26. S. M. Hsu and L. Raine, “Protein A, avidin, and biotin in immunohistochemistry,” Journal of Histochemistry and Cytochemistry, vol. 29, no. 11, pp. 1349–1353, 1981. View at Scopus
  27. A. C. Maehly and B. Chance, “The assay of catalases and peroxidases,” Methods of Biochemical Analysis, vol. 1, pp. 357–424, 1954. View at Scopus
  28. L. C. Green, S. R. Tannenbaum, and P. Goldman, “Nitrate synthesis in the germfree and conventional rat,” Science, vol. 212, no. 4490, pp. 56–58, 1981. View at Scopus
  29. O. H. Lowry, N. J. Rosebrough, A. L. Farr, and R. J. Randall, “Protein measurement with the Folin phenol reagent,” The Journal of Biological Chemistry, vol. 193, no. 1, pp. 265–275, 1951. View at Scopus
  30. M. R. Gardiner, R. Royce, and A. Bokora, “Studies on crotalaria crispata, a newly recognised cause of kimberley horse disease,” Journal of Pathology & Bacteriology, vol. 89, no. 1, pp. 43–55, 1965.
  31. B. P. S. Pitanga, V. D. A. Silva, C. S. Souza et al., “Assessment of neurotoxicity of monocrotaline, an alkaloid extracted from Crotalaria retusa in astrocyte/neuron co-culture system,” NeuroToxicology, vol. 32, no. 6, pp. 776–784, 2011. View at Publisher · View at Google Scholar · View at Scopus
  32. J. P. Silva-Neto, R. A. Barreto, B. P. S. Pitanga et al., “Genotoxicity and morphological changes induced by the alkaloid monocrotaline, extracted from Crotalaria retusa, in a model of glial cells,” Toxicon, vol. 55, no. 1, pp. 105–117, 2010. View at Publisher · View at Google Scholar · View at Scopus
  33. V. Crysns and J. Yuan, “The cutting edge: caspases in apoptosis and disease,” in When Cells Die, R. Lockshin, Z. zakeri, and J. Tilly, Eds., pp. 177–210, Wiley-Liss, New York, NY, USA, 1998.
  34. J. J. Kang, M. D. Schaber, S. M. Srinivasula et al., “Cascades of mammalian caspase activation in the yeast Saccharomyces cerevisiae,” Journal of Biological Chemistry, vol. 274, no. 5, pp. 3189–3198, 1999. View at Publisher · View at Google Scholar · View at Scopus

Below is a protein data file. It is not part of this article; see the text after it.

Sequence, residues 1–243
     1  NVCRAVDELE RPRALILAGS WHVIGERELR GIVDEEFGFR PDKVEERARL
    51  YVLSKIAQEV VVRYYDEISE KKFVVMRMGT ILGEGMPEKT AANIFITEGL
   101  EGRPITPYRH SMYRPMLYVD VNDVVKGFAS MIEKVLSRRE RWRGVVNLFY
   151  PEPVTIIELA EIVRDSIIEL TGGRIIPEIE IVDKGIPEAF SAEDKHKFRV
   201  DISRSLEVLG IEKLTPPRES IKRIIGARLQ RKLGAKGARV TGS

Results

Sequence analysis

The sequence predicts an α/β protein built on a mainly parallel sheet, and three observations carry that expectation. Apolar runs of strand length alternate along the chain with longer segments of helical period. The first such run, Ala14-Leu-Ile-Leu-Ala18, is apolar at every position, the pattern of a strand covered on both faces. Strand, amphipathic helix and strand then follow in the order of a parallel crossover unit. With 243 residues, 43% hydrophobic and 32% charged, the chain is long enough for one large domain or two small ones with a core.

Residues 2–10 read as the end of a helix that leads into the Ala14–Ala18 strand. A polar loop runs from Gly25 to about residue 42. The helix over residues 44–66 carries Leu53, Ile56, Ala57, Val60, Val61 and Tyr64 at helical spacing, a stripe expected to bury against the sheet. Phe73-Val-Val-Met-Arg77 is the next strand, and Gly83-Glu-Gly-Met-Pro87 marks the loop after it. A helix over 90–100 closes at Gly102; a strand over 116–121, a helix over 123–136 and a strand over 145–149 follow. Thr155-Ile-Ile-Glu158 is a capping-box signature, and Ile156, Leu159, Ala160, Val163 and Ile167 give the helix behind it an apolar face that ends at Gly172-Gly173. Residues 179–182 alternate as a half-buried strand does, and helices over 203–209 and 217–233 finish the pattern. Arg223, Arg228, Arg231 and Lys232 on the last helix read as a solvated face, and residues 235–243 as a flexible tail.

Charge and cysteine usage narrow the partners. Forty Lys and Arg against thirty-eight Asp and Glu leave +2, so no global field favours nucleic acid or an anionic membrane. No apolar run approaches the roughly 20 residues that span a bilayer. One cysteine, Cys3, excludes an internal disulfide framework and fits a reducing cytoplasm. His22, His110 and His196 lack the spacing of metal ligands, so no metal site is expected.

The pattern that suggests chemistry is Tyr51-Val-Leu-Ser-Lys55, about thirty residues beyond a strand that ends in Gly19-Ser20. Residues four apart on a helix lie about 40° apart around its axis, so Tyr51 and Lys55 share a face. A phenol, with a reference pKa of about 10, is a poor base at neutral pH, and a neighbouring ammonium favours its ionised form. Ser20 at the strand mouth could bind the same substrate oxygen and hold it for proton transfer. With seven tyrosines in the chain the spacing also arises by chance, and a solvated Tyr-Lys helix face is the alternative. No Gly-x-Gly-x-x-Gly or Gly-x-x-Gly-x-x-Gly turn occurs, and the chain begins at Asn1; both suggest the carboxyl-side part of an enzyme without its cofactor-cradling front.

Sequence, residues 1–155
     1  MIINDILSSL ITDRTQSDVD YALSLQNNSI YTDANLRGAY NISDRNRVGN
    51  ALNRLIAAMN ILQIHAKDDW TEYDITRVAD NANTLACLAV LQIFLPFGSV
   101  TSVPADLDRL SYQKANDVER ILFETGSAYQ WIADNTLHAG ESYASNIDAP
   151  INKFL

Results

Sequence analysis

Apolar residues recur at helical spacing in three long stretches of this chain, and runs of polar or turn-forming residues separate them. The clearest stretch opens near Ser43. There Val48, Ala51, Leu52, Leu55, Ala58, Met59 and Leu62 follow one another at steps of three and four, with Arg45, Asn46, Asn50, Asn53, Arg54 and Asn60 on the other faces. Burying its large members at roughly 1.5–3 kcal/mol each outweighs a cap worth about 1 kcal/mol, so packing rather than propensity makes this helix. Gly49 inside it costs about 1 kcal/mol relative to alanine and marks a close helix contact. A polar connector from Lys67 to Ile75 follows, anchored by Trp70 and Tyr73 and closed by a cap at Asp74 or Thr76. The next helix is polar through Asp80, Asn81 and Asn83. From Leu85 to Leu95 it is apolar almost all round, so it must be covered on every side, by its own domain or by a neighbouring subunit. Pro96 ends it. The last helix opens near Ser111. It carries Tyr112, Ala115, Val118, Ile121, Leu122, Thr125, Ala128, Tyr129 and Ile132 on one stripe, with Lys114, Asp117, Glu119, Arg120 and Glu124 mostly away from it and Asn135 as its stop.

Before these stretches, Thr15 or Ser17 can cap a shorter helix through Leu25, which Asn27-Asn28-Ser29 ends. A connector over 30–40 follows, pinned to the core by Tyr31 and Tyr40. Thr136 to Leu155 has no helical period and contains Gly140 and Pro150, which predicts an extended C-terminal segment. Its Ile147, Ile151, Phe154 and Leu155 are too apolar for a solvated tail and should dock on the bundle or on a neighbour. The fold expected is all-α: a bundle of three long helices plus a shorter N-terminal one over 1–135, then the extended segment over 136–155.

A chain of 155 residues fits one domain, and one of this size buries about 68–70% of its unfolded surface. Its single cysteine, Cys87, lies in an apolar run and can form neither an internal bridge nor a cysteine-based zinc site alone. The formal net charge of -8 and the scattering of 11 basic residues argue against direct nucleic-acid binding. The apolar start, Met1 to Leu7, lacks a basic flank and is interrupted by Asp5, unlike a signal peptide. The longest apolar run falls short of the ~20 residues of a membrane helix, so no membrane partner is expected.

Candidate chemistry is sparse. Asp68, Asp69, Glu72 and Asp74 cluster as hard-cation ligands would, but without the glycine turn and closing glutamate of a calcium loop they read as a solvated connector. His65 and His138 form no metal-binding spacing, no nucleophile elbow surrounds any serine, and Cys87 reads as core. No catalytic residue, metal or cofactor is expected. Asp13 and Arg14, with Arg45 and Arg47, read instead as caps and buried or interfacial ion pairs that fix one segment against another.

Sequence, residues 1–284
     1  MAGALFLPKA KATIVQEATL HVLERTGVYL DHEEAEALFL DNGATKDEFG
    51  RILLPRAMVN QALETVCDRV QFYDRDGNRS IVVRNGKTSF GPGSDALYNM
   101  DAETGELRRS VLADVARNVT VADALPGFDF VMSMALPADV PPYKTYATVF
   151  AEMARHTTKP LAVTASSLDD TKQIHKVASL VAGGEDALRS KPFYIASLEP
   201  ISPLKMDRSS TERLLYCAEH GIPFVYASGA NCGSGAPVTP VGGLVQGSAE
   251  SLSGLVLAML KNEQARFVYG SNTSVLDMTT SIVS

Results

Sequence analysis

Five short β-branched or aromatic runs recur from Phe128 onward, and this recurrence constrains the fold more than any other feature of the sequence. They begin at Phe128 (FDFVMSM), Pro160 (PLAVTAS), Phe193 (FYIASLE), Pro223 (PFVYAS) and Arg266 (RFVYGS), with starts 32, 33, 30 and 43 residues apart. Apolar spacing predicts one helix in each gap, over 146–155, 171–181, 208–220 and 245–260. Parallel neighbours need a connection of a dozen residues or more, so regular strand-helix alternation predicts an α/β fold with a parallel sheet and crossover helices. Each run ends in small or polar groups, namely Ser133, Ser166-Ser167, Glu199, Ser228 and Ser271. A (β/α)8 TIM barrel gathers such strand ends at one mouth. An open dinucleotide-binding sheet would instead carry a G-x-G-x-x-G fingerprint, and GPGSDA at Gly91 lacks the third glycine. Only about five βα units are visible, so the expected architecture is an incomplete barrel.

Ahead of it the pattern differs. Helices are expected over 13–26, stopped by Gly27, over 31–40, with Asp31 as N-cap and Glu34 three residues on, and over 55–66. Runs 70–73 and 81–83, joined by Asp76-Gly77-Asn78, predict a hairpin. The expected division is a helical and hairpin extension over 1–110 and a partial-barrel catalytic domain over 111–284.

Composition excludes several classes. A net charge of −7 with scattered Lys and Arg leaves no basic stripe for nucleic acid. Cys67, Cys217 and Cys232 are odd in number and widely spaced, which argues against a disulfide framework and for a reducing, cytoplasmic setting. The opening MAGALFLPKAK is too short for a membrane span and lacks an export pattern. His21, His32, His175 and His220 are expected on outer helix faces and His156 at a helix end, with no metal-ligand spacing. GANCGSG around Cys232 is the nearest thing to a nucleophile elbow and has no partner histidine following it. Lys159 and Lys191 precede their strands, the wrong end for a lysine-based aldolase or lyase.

35. G. A. C. Brito, J. Fujji, B. A. Carneiro-Filho, A. A. M. Lima, T. Obrig, and R. L. Guerrant, “Mechanism of Clostridium difficile toxin A-induced apoptosis in T84 cells,” Journal of Infectious Diseases, vol. 186, no. 10, pp. 1438–1447, 2002. View at Publisher · View at Google Scholar · View at Scopus
  36. E. E. Essick and F. Sam, “Oxidative stress and autophagy in cardiac disease, neurological disorders, aging and cancer,” Oxidative Medicine and Cellular Longevity, vol. 3, no. 3, pp. 168–177, 2010. View at Publisher · View at Google Scholar · View at Scopus
  37. C. C. Aguiar, A. B. Almeida, P. V. Araujo et al., “Oxidative stress and epilepsy: literature review,” Oxidative Medicine and Cellular Longevity, vol. 2012, Article ID 795259, 12 pages, 2012.
  38. K. Takuma, A. Baba, and T. Matsuda, “Astrocyte apoptosis: implications for neuroprotection,” Progress in Neurobiology, vol. 72, no. 2, pp. 111–127, 2004. View at Publisher · View at Google Scholar · View at Scopus
  39. F. Ng, M. Berk, O. Dean, and A. I. Bush, “Oxidative stress in psychiatric disorders: evidence base and therapeutic implications,” International Journal of Neuropsychopharmacology, vol. 11, no. 6, pp. 851–876, 2008. View at Publisher · View at Google Scholar · View at Scopus
  40. M. G. Naffah-Mazzacoratti, “Profile of prostaglandin levels in the rat hippocampus in pilocarpine model of epilepsy,” Neurochemistry International, vol. 27, no. 6, pp. 461–466, 1995. View at Publisher · View at Google Scholar · View at Scopus
  41. B. S. McEwen and R. M. Sapolsky, “Stress and cognitive function,” Current Opinion in Neurobiology, vol. 5, no. 2, pp. 205–216, 1995. View at Publisher · View at Google Scholar · View at Scopus